authorities and deported for illegal begging. Srey Nuch who is now living at the
Cambodian Women's Crisis Center (CWCC) in Banteay Meanchey is showing signs of improvement.
Chin Da is currently detained in the Banteay Meanchey prison and awaits trail.
The report shows that the roles of "me kyhol" can vary greatly: from arranging
travel and housing for a fee, to tricking victims into dangerous or low-paying jobs
or even slave labor.
For Sothly, a 12 year old boy interviewed for the report, it was a blind man who
bought him to Bangkok as arranged by his mother.
Sothy helps this man he calls "Mr Pat" beg from 8 pm until midnight each
day. Although they receive between 2,000 and 2,500 baht per day, Sothly receives
2,400 baht per month, all of which is sent back to his mother in Battambang.
"Being on the streets and particularly being in a foreign country they are vulnerable
to being tricked or forced into sex work or other exploitative or dangerous work,
drugs, violence, etc," Claire Ann Milligan, a Friends project coordinator, said
"of course, because they are not receiving any education, they are caught up
in the cycle of debt and poverty that their parents are already in."
The survey noted an absence of children over 15, raising questions as to what kind
of work these children are now involved in.
"The concerns are that children over 15, as they are no longer 'cute' enough
to get the sympathy of passers-by, may end up in the sex industry or other dangerous
working conditions," Milligan said.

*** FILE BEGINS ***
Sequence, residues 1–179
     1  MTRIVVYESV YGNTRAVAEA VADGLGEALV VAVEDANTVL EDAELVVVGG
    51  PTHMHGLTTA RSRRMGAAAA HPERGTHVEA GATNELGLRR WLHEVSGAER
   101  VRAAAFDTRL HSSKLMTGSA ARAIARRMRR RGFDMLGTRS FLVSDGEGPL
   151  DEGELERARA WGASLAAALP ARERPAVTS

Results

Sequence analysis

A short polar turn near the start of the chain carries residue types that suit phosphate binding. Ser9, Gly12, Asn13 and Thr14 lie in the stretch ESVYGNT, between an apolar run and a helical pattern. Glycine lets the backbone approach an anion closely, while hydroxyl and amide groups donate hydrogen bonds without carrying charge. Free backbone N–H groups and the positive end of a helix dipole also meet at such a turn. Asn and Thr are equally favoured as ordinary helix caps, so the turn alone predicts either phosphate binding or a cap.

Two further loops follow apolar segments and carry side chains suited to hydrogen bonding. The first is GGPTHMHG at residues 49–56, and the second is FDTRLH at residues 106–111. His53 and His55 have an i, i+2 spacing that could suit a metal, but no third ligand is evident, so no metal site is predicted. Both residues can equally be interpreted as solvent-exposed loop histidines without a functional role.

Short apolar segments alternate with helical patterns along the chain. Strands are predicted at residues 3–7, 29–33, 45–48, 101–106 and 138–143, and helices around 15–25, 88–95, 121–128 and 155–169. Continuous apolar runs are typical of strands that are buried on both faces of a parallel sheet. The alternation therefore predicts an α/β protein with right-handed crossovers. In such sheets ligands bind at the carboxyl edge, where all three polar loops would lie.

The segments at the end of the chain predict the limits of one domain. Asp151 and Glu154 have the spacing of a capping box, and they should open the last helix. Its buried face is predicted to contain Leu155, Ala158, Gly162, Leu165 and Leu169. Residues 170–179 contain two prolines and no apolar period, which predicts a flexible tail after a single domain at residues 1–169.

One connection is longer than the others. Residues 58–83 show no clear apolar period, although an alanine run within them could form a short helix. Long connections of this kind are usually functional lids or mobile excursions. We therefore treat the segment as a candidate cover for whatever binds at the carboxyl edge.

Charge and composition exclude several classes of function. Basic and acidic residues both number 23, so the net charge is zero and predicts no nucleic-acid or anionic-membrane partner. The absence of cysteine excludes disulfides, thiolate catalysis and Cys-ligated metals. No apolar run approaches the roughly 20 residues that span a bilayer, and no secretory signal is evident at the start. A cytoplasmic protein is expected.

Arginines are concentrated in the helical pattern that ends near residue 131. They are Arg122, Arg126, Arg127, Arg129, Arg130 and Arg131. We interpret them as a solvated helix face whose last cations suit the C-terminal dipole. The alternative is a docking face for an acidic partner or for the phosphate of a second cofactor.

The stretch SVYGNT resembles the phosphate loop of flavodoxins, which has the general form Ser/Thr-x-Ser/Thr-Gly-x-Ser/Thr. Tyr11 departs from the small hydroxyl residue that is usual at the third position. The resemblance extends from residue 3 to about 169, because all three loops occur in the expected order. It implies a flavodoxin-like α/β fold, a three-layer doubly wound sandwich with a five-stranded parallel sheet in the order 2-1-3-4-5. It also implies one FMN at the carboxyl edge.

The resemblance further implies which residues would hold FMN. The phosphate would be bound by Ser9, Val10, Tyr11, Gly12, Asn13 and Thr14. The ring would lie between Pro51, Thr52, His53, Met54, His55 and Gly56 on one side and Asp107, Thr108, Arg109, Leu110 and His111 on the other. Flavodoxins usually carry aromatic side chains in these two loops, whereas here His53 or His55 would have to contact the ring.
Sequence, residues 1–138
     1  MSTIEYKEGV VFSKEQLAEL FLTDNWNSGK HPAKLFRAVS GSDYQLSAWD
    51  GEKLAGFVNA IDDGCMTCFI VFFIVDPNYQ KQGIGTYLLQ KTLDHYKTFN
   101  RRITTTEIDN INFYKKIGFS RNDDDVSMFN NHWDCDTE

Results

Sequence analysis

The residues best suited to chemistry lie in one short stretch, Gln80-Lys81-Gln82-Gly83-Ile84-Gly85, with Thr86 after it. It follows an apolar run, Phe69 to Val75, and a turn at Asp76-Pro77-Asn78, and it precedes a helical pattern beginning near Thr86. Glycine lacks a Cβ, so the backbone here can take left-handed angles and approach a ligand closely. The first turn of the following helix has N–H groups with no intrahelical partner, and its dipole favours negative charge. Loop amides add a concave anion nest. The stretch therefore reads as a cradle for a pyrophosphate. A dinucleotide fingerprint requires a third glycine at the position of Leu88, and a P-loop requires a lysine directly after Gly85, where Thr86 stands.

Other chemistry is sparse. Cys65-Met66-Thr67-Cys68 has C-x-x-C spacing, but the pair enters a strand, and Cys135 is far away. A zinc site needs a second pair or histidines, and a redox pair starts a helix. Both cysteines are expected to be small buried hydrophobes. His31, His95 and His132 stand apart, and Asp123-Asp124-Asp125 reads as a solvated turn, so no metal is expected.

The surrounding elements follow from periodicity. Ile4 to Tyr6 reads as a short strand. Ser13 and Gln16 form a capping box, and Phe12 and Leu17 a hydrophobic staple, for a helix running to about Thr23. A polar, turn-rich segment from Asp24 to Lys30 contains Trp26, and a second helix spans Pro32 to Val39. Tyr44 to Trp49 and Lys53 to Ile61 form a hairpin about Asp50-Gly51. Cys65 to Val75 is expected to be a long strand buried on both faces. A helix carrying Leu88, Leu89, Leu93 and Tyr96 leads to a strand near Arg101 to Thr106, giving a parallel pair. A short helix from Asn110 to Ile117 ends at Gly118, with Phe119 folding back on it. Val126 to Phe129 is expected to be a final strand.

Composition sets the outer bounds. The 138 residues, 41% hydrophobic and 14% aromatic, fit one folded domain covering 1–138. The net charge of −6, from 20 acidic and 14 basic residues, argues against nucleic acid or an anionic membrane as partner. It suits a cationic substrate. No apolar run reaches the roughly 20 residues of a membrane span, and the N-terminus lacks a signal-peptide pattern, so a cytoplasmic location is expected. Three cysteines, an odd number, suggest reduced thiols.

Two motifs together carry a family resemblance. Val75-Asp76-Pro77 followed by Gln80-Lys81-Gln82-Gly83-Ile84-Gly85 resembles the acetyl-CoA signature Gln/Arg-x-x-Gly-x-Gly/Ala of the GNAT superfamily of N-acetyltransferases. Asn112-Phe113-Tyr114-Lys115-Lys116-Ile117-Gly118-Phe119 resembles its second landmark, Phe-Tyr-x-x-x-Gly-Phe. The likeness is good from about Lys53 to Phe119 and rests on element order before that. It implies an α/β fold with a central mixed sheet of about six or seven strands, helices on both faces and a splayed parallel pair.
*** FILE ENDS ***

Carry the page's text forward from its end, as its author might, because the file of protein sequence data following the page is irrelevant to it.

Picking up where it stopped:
"Our research indicates that as they get older, they tend to go into other sectors
like fishing, construction, farming, etc....but there is still a lot of exploitation
in these sectors."
The study raised particular concern for child flower sellers. A high percentage of
this group of children claimed they were beaten if they did not earn enough money
to satisfy their so-called guardians.
According to the report, the majority of these child flower vendors are around 10
years old, and most work late at night in the red-light districts of Bangkok and
Say Siphon, secretary of state of the Ministry of Social Affairs, confirmed plans
to meet with the Thai Social Development Ministry on June 18 to discuss solving the
problem of Cambodian child beggars. "We want to explain to them that the children
that beg on the streets are victims," Siphon said. "They come with their
parents who are looking for work. They're not involved with illegal activities."
Arecent report by Friends International claims there are more than 1,000 Cambodian
children begging illegally on the streets of Bangkok. The Chief of Immigration Police
at the Poipet border crossing told the Post that between 50 and 100 illegal Cambodian
immigrants are deported through his checkpoint each day.
* Percent of children begging illegally in Bangkok who are Cambodian nationals:
* Percent of Cambodian child beggars in Bangkok who are under age three:
*Average hours begging each day:
* Daily earnings:
Between 100-2,000 baht
* Daily minimum wage in Bangkok:
* Amount of Cambodian children traveling to Bangkok unaccompanied by a relative:
* Percentage of Thai nationals that claim to give to beggars regularly:
* Estimated monthly contribution to beggars in Bangkok by Thai nationals:
21,113,453 baht ($500,000)
Findings from The Nature and Scope of the Foreign Child Beggar Issue
(especially related to Cambodian Child Beggars) in Bangkok